Launched from vehicles, tripods, and helicopters, the BGM-71 TOW missile, the abbrevation standing for Tube-launched, Optically tracked, Wire-guided missile is a heavy anti-tank missile able to destroy most tanks at a range of 3 kilometers or greater.. The TOW 2B Aero replaces the wire with a radio link, much more appropriate for helicopter launch. It uses a go-onto-target guidance paradigm, under man-in-the-loop control.
Since its introduction in 1970, it has constantly improved in lethality, range, and guidance. When tanks began using reactive armor, the TOW warhead was rebuilt as a tandem charge, the first to set off the reactive armor and the second to penetrate. The weapon has done things never expected by its designers, such as pass through 6 feet of sand and kill a tank on the other side.
It is the long-range weapon of M2 Bradley and M3 armored fighting vehicles, can be mounted on a HMMWV, and on AH-1 attack helicopters. While it now must be controlled by an operator into the target, a fire-and-forget version is near deployment.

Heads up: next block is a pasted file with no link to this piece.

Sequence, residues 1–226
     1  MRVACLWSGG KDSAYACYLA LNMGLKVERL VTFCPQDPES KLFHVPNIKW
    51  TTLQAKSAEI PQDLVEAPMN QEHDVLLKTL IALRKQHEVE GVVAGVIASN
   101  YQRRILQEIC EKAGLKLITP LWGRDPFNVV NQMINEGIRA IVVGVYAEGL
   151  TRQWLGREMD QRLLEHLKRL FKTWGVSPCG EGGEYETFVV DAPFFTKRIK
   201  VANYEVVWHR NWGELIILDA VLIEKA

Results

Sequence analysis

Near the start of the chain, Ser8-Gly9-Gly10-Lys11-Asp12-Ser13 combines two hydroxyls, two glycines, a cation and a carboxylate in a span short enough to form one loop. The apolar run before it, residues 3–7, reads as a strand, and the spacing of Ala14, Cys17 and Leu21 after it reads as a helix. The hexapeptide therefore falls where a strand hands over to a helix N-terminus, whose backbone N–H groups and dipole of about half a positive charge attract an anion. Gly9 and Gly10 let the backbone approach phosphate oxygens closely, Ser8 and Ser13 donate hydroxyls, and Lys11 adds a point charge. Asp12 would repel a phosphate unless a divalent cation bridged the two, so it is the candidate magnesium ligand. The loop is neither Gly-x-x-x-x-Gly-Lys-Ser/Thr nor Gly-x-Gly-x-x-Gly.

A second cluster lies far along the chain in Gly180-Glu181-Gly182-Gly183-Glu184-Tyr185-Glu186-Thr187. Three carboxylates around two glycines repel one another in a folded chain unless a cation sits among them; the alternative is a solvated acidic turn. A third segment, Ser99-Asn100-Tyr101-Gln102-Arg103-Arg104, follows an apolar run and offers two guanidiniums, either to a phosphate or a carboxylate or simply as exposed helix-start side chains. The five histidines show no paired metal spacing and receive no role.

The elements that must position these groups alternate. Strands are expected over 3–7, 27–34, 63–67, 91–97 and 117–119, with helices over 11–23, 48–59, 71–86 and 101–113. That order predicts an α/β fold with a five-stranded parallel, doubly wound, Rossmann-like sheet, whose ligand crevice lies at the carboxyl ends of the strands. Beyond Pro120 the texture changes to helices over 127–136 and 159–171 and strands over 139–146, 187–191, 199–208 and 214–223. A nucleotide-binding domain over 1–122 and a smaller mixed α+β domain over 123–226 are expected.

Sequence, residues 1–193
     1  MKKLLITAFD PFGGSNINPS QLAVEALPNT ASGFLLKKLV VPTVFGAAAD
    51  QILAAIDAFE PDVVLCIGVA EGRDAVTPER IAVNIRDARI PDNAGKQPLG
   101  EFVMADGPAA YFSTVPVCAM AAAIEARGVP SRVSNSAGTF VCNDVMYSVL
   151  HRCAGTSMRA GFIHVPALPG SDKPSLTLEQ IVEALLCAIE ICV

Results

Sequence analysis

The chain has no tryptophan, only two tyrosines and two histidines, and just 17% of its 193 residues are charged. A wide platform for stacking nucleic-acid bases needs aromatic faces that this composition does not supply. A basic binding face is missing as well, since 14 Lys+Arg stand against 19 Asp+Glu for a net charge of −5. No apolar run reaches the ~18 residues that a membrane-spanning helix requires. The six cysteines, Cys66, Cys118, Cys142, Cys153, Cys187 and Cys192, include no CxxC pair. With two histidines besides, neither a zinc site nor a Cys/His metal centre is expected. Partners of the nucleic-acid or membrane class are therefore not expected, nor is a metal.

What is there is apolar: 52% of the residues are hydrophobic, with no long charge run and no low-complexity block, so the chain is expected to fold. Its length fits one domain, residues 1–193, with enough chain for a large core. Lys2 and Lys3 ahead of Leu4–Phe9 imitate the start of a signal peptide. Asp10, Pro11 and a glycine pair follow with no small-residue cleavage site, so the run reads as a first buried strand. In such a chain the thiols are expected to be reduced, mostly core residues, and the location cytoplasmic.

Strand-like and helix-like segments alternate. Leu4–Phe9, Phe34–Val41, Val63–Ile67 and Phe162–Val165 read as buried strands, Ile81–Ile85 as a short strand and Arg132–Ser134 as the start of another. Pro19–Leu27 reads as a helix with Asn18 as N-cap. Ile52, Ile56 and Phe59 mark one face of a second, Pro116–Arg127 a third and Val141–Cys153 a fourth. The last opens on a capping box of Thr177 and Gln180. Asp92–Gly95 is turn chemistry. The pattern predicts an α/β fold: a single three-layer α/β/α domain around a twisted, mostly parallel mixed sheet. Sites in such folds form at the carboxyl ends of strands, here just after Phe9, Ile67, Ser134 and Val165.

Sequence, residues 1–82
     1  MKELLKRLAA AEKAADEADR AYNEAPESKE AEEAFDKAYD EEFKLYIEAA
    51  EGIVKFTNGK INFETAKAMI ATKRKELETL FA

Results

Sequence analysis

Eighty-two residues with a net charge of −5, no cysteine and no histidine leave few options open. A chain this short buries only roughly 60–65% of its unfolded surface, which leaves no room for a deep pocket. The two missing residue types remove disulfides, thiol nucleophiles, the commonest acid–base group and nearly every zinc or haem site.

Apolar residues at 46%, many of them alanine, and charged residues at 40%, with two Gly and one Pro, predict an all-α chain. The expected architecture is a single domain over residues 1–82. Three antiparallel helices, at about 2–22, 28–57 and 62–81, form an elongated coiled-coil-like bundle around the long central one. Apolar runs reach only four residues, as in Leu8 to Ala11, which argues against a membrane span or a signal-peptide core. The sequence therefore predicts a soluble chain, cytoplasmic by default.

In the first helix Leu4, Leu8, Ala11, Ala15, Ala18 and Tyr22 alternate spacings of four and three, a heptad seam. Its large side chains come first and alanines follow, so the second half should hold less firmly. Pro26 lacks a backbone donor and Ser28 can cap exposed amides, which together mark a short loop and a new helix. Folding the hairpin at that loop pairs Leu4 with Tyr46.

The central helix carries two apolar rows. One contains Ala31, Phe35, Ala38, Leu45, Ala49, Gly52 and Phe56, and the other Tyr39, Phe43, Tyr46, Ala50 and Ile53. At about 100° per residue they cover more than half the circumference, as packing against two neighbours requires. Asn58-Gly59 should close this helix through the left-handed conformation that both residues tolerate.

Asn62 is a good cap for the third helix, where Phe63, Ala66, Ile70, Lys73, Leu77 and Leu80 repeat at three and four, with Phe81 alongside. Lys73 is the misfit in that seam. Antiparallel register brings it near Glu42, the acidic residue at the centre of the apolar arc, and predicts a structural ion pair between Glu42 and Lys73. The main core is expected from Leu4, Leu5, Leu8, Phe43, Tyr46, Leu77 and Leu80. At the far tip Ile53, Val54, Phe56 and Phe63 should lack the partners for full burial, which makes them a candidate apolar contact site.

The first upgrades increased range, but, with the deployment of the AN/TAS-4 in 1980, the system became day-night.
BGM-71D TOW 2 was first delivered to U.S. Army and USMC units in 1983 increased the warhead. In 1987, production changed to the dual-charge BGM-71E TOW 2A. Complementing the E model is the BGM-71F TOW 2B, which is top-attack using explosively formed projectiles.
A BGM-71H variant, also known as TOW Bunker Buster, is a BGM-71E TOW 2A with a warhead optimized against concrete and masonry.